The novel offers quite a few surprises and reveals them slowly. I think most readers will have a variety of hypothesis about what’s going to happen, what the baddies will do next and what the plan is. I’m not sure many people will guess right and is an interesting and effective twist. This is a novel of revenge and just deserts that highlights the fact that there is always a price to pay. We might feel we need to exact revenge to be at peace but things are never quite as easy. With regards to what sets off what Carol describes as ‘the war’ it is pretty banal but, as she acknowledges, it’s not really about that and unfortunately other people get in the middle and end up becoming ‘collateral damage’. It did make me think of Hannah Arendt and her concept of ‘the banality of evil’. In this case not only about the evil person but about what sets it all off.  It does not take much for some people to ruin a person’s life, just because they can…  I’ve already mentioned the ending but I wanted to add that the ending is also a beginning.

I know I’ve been a bit cryptic about this novel but I had to be. I recommend it to those who like stories with psychologically complex characters, where the how is as important as the what, and to readers who’re looking for an author with a distinctive voice and style.  (There is some violence, some talk about sex and disturbing content but none of it is extremely explicit or gore. It is more what we feel at the time of reading it than what is on the page.)

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review 2017-02-03 22:27
An obnoxious and annoying main character that you’ll care about.
The Hundred Lies of Lizzie Lovett - Chelsea Sedoti

Thanks to Net Galley and to Sourcebooks Fire for offering me an ARC of this book that I voluntarily chose to review.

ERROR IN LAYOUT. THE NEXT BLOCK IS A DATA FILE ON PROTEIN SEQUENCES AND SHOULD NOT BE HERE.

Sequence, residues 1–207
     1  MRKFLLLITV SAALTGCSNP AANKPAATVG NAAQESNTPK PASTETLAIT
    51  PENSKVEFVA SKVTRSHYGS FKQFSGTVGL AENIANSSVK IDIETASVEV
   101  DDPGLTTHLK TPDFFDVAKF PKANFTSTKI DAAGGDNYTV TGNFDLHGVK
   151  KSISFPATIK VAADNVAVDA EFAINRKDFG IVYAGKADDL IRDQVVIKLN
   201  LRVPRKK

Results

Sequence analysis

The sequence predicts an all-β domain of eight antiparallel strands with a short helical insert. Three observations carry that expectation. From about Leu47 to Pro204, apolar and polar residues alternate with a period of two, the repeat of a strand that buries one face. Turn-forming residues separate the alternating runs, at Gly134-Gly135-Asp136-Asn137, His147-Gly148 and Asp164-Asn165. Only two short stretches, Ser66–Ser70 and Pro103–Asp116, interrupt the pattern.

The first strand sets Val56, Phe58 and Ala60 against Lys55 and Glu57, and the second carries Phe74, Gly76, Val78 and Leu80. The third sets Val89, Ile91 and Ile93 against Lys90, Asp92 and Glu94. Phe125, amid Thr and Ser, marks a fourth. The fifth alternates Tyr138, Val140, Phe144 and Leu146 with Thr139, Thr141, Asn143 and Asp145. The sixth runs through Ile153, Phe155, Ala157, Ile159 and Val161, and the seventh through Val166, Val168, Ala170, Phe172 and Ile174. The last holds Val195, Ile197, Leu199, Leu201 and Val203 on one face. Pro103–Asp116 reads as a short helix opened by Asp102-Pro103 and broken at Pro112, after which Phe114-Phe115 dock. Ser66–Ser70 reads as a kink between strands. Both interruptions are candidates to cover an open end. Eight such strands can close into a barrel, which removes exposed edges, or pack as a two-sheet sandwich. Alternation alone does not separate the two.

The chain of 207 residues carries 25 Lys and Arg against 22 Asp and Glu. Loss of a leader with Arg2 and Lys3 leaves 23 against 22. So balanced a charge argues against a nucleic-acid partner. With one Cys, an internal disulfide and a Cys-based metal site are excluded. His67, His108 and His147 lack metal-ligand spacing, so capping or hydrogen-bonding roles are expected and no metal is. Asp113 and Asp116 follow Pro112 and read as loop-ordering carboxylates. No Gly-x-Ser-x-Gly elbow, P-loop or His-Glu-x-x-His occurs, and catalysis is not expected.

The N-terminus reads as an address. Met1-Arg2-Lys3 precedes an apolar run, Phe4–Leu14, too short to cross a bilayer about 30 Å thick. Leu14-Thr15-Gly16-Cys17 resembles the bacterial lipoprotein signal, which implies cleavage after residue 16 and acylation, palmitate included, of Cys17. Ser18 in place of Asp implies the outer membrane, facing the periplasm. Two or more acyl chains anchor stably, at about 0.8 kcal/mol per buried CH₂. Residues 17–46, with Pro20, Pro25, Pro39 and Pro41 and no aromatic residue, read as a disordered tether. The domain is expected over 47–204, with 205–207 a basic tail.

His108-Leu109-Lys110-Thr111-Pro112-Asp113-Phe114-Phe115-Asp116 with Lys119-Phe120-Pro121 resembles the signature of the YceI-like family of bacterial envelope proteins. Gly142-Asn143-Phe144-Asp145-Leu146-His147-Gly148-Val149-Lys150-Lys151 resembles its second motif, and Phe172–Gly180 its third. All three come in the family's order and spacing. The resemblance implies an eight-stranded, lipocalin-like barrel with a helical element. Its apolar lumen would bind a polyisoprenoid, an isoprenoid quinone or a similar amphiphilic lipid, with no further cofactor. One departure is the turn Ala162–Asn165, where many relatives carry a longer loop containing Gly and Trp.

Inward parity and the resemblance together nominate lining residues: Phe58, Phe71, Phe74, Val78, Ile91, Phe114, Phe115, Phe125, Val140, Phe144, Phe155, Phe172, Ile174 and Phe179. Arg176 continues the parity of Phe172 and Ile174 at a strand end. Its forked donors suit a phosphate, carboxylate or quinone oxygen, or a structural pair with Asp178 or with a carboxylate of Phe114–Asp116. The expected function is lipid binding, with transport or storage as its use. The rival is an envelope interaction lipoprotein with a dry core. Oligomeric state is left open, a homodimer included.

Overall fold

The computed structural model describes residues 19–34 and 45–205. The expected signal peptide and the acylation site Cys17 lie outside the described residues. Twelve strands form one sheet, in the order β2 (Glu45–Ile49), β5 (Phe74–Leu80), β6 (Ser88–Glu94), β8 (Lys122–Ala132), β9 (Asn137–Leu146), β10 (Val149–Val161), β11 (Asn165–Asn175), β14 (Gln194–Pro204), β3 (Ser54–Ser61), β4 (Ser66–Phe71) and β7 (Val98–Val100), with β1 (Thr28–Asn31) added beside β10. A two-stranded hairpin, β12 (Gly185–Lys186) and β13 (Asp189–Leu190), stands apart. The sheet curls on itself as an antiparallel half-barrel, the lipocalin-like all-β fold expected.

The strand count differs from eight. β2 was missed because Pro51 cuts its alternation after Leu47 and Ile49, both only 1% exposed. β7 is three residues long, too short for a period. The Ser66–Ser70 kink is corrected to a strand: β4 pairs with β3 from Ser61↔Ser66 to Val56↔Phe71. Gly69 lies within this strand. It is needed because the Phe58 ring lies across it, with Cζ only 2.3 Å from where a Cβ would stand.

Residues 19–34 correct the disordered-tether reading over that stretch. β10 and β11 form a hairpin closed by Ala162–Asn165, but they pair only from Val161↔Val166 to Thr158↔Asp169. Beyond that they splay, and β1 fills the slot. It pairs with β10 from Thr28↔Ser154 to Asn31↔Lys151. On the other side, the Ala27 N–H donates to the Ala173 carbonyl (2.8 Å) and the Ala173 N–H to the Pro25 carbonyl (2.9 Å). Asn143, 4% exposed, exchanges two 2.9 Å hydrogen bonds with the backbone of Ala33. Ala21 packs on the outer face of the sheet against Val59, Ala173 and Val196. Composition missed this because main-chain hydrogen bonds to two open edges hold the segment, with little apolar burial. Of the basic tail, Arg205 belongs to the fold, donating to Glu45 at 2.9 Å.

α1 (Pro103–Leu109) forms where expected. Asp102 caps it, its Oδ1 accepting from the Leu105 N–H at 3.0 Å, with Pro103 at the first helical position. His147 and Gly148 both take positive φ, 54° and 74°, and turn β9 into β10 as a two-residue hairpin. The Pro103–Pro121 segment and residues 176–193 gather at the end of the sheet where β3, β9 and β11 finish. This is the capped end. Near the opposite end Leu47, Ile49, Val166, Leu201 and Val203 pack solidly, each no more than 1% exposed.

This Young Adult novel is told in the first person by the protagonist, Hawthorn, a girl named after the tree, not the writer, as she has to clarify many times throughout the book. She’s seventeen and not the most popular girl at school. She feels the least popular, as she only has one friend, Emily, she never eats at the cafeteria to avoid others, never gets invited to parties… She has an older brother, Rush, who was a popular football player in High School, although he hasn’t made his dreams come true, her mother is a hippy who stays at home baking and cooking vegan food that nobody seems to appreciate, and her father is more practical and keeps trying to push Hawthorn into choosing a college and growing up. Hawthorn, who writes the story in a diary format, in the first person, is not a lovely girl (well, she is lovable but that’s different). She is selfish and has nothing kind to say to anybody or about anybody. As is often the case at that age, she always thinks the worst of anybody who tries to get closer to her and assumes that everybody’s life is better than hers. She also knows everything and everybody else is boring and/or lame. Let’s say that although she complains bitterly about how unfair her life is, it is not surprising that she doesn’t have a big fan club.